In an effort to heighten awareness about critical issues related to pet safety, Petside.com, the popular online destination for pet owners and pet enthusiasts from NBC Digital Networks, has organized a consortium of some of the Web’s favorite pet-focused sites to launch the Pet ‘Net Safety Event today.
Today, each participating site and weblog will highlight content devoted to the important topic of pet safety, with Petside.com hosting a comprehensive one-page hub, located at www.petside.com/pet-net-2009, with links to all of the special coverage. We were honored to be a part of this day of awareness!
When deciding on a topic, I wanted to bring awareness to the safety benefits of spaying and neutering your male dog! Sterilizing your dog is important to the safety of not only your dog, but to the humans and other dogs they interact with.
One of the most common dangers of unsterilized dogs is biting or aggression. To show the impact of this, I turned to my friends at SNAP (Spay Neuter Assistance Program) for important info on why dogs bite and how we can avoid this tragedy, while also helping to control animal overpopulation.
WHY DOGS BITE
- Dog bite statistics show that unaltered canines are three times more likely to bite than their spayed or neutered counterparts.
- Dog bite statistics from the Center for Disease Control have found that a dog that is chained up is almost three times more likely to bite a human being than an unchained dog.
WHY SPAY/NEUTER IS IMPORTANT
According to the National Canine Research Council, all the fatal attacks in Texas involved intact dogs (not spayed or neutered). Besides being intact, a significant number of dogs involved in fatal attacks in Texas were irresponsibly and actively being used for breeding.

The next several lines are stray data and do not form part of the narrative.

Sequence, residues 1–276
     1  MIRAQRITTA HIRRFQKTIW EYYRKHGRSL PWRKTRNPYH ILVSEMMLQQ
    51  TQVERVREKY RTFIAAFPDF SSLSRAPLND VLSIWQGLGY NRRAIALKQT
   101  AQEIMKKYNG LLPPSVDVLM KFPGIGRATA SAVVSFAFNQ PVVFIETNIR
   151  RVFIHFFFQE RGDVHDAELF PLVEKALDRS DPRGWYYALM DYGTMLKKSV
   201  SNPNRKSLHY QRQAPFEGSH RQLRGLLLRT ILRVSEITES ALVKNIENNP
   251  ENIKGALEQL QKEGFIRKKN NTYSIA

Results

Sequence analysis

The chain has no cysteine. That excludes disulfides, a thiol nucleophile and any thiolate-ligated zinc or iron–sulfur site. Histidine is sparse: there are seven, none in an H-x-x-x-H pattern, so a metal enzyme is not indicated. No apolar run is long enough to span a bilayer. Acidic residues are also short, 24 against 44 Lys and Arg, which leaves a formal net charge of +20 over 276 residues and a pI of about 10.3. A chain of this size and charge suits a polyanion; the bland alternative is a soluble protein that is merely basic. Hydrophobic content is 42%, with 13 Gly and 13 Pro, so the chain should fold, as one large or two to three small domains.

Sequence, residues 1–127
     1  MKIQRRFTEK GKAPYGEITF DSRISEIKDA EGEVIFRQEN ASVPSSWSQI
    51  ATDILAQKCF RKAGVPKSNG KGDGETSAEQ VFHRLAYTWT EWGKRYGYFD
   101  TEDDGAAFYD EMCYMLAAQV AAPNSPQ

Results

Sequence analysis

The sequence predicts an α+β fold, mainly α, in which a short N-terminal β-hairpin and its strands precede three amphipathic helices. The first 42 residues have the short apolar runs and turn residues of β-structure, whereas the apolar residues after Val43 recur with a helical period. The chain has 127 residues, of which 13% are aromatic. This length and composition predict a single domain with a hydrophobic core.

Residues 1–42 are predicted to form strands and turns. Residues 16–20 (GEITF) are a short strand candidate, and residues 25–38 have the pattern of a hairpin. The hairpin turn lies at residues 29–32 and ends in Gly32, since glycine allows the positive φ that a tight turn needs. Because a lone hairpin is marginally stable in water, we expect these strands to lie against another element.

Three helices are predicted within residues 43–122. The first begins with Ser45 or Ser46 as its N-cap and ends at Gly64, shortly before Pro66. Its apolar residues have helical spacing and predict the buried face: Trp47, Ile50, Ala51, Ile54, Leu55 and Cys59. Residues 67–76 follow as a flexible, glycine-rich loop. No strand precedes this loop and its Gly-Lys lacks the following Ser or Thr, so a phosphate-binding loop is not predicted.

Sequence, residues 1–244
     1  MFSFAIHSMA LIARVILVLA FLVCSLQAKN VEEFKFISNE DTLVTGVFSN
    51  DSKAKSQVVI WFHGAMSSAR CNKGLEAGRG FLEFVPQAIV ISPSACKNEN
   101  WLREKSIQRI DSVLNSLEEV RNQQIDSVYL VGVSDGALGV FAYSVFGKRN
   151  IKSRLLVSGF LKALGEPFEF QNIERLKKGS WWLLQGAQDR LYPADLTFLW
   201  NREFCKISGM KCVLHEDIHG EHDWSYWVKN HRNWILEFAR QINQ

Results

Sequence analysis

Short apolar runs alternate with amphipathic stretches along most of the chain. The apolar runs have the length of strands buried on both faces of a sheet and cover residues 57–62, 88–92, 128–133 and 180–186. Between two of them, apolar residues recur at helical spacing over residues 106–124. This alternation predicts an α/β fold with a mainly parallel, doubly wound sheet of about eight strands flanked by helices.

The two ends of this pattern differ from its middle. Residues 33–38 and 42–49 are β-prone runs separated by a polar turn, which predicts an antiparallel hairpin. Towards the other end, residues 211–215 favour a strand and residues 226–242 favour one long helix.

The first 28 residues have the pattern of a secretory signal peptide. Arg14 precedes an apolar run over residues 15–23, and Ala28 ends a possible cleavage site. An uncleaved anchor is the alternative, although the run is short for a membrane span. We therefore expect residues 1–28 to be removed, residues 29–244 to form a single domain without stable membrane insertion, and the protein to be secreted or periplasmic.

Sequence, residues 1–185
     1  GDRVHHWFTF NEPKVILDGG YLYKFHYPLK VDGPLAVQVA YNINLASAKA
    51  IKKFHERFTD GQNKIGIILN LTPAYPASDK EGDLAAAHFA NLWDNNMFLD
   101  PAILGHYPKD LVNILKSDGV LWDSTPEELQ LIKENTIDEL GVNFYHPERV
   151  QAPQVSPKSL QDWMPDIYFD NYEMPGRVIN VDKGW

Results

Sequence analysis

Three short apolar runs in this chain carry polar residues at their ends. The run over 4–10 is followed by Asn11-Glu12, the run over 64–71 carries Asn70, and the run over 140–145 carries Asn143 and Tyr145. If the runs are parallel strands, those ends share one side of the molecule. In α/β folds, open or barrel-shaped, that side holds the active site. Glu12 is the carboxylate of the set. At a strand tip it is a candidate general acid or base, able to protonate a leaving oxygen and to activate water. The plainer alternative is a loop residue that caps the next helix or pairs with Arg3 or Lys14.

Intact (unneutered) male dogs:
- In severe attacks or bites involving canines, 88.9% of the males were intact.
- Represent 80% of dogs presented to veterinary behaviorists for dominance aggression
- Can smell females in heat miles away and are in a constant state of frustration when trigged by their hormones but not able to do anything about it
Unspayed female dogs:
- In severe attacks or bites involving canines, 78.9% of the females were intact.
- Attract free-roaming males, which increases bite risk to people through increased exposure to unfamiliar dogs
- Are protective of their puppies and may bite those who try to handle the young
- Contribute to the population of unwanted dogs that are surrendered to animal shelters where many are destroyed
The easiest way to ensure that your dog and family are safe is to spay or neuter your dog! You will not only be avoiding the harmful effects of aggression, you will also be helping to solve the mounting problem of animal overpopulation, allowing the millions of shelter animals a chance to find their forever homes!
To learn more about this topic, check out these resources from SNAP: